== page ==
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Citi has partnered with Southeast Asian ride-hailing company Grab to roll out a cobranded credit card, according to Reuters. The card will initially be launched in the Philippines, followed by Thailand later this year, before being rolled out in more Southeast Asian markets.
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This isn’t the first time the two companies have worked together: They teamed up in 2016 to allow customers to pay for Grab rides using their points from Citi credit cards, and Citi invested in the firm in November 2018 through its venture capital arm Citi Ventures.
Here’s what it means: Citi’s and Grab’s expertise in finance and the Southeast Asian market, respectively, set the new credit card up for future success.
- Southeast Asia (SEA) is a highly lucrative market for Citi to expand to with this new venture. The majority of SEA’s over 600 million consumers are un- or underbanked: 73% of consumers lack a bank account, according to KPMG, indicating that there’s a need for more accessible financial services. Additionally, Grab had already captured 65% of the ride-hailing market in Indonesia by August 2018, giving the credit card a large addressable market.
- This move is part of Citi’s aim to increase its presence in Asia via partnerships.Citi has 16 million customers in Asia and aims to increase its user base by 2 million — or 13% — in the region in the next few years via partnerships alone, according to Gonzalo Luchetti, Citi’s head of consumer banking for Asia Pacific, Europe, the Middle East, and Africa. This isn’t the first time Citi’s partnered with third parties for financial services ventures: It partnered with Paytm in May this year and Qantas in 2017 for similar ventures. This experience with partnerships will likely boost the likelihood of success for this latest venture.
- Grab has other financial service offerings, providing a good springboard for the credit card. Grab partnered with Mastercard in October 2018 to launch prepaid cards in SEA. Additionally, it announced in March that it’s working to roll out more financial services, including a pay later service and an insurance marketplace that sells services from a variety of providers through its mobile app.
- Details around the credit card remain unknown, but Grab is in a good position to make it a success.Not a lot of light has been shed on what features the credit card will include or how consumers can apply. However, with Grab already having massive amounts of data on its users, it seems likely that it’ll be able to use this information to make credit card decisions; this should help it include consumers who were previously excluded from the finance industry based on conventional methods for assessing credit in SEA.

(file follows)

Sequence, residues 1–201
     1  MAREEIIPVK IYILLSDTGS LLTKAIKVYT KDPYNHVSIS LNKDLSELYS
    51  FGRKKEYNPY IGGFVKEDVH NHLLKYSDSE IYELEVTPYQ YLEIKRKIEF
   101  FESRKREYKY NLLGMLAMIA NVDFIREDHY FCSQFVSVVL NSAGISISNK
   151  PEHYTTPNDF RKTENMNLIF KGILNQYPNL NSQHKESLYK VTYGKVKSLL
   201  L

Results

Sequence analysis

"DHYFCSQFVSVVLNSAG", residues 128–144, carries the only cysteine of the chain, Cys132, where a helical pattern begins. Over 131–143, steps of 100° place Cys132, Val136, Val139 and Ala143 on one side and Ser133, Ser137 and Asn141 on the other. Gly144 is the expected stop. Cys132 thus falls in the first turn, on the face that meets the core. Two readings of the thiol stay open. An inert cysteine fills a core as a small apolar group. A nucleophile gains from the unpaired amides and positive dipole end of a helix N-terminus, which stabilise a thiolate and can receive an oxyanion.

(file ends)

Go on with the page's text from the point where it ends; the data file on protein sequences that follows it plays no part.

The bigger picture: As competition in the finance industry rises, we’ll see more players like Citi seek out partnerships to remain relevant and diversify their revenue streams.
A number of other financial institutions (FIs) have partnered with tech companies, signaling a shift in how incumbents operate.Recently, we’ve seen Goldman Sachs partner with Apple to roll out a cobranded credit card, while Santander partnered with eBay to offer loans to SMBs selling on the e-commerce platform.
Such partnerships will likely become increasingly common as big tech firms move into the finance space and need to leverage the expertise and licensing of big incumbent FIs. Additionally, banks need to find new ways to remain relevant in the changing digital era. As tech firms and incumbent banks continue to partner, we’ll see a shift in the finance industry, with incumbents providing the underlying processes for financial services, while tech companies hold customer relations.
Here’s an industry opinion, as told to Business Insider Intelligence:
"Partnerships like this one will become a norm in the industry. The massive customer base of these companies that are building an entire ecosystem around their core products is the perfect match for banks that otherwise will have problems reaching so many millions of customers easily. The question is, will banks become just the underlying provider of financial services and big tech the main point of contact to the customers? Partnerships are the future." — David Jimenez Maireles, country head Spain at Raisin
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